- Medicare coverage for skilled nursing facilities is limited.
- Skilled nursing facility coverage requires an initial hospital stay.
- Medical services are covered for an initial 100-day period after a hospital stay.
- Copayments apply beyond the initial coverage period.
If you think Medicare will pay for skilled nursing care, you’re not wrong. However, coverage limits can be confusing, and there are certain requirements you have to meet before your stay.
In a nutshell, Medicare will pay for short-term skilled nursing facility stays for specific situations. If you need ongoing or long-term care in a skilled nursing facility, you will have to pay out of pocket or use other programs to fund these services.
The short answer is yes. Medicare is a federal healthcare program for people age 65 and over, and those with qualifying medical conditions. Medicare coverage is split into a few different programs, each offering different types of coverage at various costs.
Medicare Part A
Medicare Part A provides inpatient hospital coverage. Part A and Part B together is sometimes called “original Medicare.” The Medicare Part A monthly premium is usually free if you paid into the Medicare system through taxes during a portion of your working years.
You enroll in Medicare Part A when you turn 65 or if you have certain medical conditions. This is the portion of Medicare that will cover your skilled nursing facility stay, rehabilitation center stay, hospice care, and certain home health care services.
Medicare Part B
Medicare Part B will cost you a monthly premium that based on your income level. Most people will pay $144.60 per month in 2020. Part B covers most outpatient medical care.
Medicare Part C
Medicare Part C, or Medicare Advantage, plans are sold by private insurance companies. These plans combine all the elements of original Medicare and sometimes extra coverage for prescription drugs, vision, dental, and more. There are many different Medicare Advantage plans available, so you can choose one based on your needs and financial situation.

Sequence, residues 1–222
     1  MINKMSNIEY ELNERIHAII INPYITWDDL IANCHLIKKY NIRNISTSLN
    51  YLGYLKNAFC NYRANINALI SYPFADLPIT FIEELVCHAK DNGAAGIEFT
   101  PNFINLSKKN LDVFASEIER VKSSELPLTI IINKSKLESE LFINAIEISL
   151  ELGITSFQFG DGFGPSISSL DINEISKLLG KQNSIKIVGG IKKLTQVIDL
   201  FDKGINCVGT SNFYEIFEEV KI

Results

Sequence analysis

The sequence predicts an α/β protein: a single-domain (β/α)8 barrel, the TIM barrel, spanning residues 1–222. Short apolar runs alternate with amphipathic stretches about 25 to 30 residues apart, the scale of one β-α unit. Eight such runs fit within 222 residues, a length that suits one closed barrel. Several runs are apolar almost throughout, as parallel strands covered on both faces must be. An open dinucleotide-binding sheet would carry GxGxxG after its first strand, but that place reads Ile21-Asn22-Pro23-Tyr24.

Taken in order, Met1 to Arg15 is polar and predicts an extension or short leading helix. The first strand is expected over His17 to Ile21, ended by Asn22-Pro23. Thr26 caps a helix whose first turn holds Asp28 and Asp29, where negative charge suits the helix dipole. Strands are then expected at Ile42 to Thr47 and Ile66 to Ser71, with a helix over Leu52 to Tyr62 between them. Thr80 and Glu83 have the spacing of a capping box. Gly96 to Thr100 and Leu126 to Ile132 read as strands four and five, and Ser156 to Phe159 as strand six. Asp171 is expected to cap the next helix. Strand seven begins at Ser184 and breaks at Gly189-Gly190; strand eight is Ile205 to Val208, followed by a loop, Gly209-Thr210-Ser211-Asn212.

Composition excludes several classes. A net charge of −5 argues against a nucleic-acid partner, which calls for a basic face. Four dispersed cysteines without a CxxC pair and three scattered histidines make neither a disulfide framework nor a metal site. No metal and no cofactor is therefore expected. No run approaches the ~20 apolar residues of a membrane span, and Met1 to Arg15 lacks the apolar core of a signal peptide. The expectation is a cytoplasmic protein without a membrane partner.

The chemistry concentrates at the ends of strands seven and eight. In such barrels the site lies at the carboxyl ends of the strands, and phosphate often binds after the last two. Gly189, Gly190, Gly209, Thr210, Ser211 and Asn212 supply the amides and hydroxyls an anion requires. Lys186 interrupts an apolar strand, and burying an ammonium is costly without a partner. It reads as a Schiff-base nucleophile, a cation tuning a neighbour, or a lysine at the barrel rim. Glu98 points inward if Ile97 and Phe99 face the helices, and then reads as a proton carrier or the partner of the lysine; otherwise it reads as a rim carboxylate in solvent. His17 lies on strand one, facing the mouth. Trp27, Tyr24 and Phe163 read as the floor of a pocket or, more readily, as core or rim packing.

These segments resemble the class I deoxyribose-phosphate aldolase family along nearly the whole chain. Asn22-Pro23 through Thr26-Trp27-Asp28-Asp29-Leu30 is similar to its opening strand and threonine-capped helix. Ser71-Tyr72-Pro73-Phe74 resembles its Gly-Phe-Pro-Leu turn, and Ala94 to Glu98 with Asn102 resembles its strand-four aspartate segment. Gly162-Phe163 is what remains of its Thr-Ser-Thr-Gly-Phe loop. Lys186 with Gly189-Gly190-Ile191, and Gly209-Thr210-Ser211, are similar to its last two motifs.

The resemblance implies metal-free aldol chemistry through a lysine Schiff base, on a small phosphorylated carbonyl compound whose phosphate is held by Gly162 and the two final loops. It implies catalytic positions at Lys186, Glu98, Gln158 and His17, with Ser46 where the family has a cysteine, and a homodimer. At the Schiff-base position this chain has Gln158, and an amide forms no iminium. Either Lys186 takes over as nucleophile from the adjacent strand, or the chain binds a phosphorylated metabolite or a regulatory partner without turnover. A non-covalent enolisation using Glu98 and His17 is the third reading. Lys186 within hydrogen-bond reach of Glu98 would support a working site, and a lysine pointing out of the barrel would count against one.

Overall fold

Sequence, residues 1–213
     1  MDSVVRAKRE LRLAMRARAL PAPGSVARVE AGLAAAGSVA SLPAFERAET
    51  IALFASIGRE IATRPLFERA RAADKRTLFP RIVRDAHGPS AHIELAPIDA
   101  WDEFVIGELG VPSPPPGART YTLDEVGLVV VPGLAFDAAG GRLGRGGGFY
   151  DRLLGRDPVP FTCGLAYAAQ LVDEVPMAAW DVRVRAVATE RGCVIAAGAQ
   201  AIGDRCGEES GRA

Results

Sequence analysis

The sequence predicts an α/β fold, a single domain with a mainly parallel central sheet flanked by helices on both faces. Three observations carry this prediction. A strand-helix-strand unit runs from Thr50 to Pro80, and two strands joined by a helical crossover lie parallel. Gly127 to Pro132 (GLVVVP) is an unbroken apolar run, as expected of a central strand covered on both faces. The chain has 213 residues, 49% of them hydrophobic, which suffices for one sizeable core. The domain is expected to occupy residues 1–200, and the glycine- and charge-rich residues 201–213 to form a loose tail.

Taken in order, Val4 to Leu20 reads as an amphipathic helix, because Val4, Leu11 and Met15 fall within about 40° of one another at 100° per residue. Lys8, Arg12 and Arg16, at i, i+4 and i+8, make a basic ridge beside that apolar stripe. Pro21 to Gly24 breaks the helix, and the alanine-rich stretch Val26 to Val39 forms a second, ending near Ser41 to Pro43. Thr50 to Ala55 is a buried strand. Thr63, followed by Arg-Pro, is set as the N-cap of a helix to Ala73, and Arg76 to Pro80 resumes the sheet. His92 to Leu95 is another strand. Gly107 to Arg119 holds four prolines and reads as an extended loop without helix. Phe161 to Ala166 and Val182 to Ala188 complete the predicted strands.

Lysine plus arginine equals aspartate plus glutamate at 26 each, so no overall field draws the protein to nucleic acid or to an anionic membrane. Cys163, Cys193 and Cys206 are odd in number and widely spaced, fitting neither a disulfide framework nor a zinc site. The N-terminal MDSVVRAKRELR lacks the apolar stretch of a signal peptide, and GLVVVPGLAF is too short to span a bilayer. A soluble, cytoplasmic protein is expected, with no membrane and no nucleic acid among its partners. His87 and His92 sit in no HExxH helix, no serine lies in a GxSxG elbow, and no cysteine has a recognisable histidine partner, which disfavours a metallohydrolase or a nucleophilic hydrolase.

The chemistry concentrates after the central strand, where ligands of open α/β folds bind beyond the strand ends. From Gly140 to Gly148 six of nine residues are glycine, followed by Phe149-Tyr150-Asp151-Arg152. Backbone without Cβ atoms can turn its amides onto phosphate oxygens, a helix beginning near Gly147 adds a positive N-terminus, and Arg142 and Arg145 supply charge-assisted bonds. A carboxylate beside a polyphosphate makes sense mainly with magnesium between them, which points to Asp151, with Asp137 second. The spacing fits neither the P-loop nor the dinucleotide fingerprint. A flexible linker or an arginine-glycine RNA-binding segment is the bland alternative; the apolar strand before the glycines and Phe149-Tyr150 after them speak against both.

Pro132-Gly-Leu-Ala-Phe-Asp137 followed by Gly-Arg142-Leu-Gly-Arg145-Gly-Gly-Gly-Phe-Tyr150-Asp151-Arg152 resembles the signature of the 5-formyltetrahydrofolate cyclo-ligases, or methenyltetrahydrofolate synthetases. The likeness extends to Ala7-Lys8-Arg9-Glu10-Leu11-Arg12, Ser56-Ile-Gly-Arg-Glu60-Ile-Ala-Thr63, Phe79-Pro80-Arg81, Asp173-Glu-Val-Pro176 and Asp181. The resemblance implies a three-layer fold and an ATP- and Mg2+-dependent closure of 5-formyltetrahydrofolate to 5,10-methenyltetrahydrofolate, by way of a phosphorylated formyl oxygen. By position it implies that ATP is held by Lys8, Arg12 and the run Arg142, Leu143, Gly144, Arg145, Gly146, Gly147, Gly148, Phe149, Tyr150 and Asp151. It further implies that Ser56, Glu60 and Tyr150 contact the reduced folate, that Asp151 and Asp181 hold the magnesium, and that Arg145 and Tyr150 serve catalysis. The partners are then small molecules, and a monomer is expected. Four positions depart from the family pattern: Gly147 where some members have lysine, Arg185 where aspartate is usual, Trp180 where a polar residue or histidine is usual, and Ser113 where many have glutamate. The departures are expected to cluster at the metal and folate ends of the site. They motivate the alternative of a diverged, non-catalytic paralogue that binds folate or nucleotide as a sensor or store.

Medicare Part D and Medigap
There is also Medicare Part D, which provides prescription drug coverage. Private supplemental plans, called Medigap, can also offer extra coverage for services not paid for under the other Medicare programs.
Medicare Part A covers the cost of a skilled nursing facility for conditions that begin with a hospital stay and require ongoing care after discharge. While this seems simple, there are a few specifics conditions that apply, including:
- Your illness or injury must require a hospital stay. Some examples of these events are a fall, stroke, heart attack, pneumonia, worsening heart failure or chronic obstructive pulmonary disease (COPD), or surgery.
- There is a required length of stay. The initial hospital stay must last a minimum of 3 days.
- While in the hospital, you must be considered an inpatient. Being in the hospital under observation is not considered a qualifying hospital stay. Time spent in the emergency department, under observation, and the day of discharge cannot be counted toward Medicare’s 3-day rule.
- When discharged, your doctor must order ongoing care. This means that you require 24-hour care at a skilled nursing facility for the condition for which you were hospitalized.